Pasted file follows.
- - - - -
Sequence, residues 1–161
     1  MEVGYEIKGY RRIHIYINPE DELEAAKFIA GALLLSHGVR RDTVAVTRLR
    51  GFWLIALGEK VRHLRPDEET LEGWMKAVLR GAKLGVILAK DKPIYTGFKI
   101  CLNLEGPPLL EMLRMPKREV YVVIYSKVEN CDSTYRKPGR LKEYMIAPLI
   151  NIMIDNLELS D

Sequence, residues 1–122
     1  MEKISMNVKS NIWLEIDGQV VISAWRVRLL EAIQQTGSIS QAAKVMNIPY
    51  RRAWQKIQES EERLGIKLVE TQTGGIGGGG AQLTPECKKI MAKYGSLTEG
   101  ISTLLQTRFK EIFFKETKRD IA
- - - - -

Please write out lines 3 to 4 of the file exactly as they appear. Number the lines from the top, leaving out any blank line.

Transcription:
    51  GFWLIALGEK VRHLRPDEET LEGWMKAVLR GAKLGVILAK DKPIYTGFKI
   101  CLNLEGPPLL EMLRMPKREV YVVIYSKVEN CDSTYRKPGR LKEYMIAPLI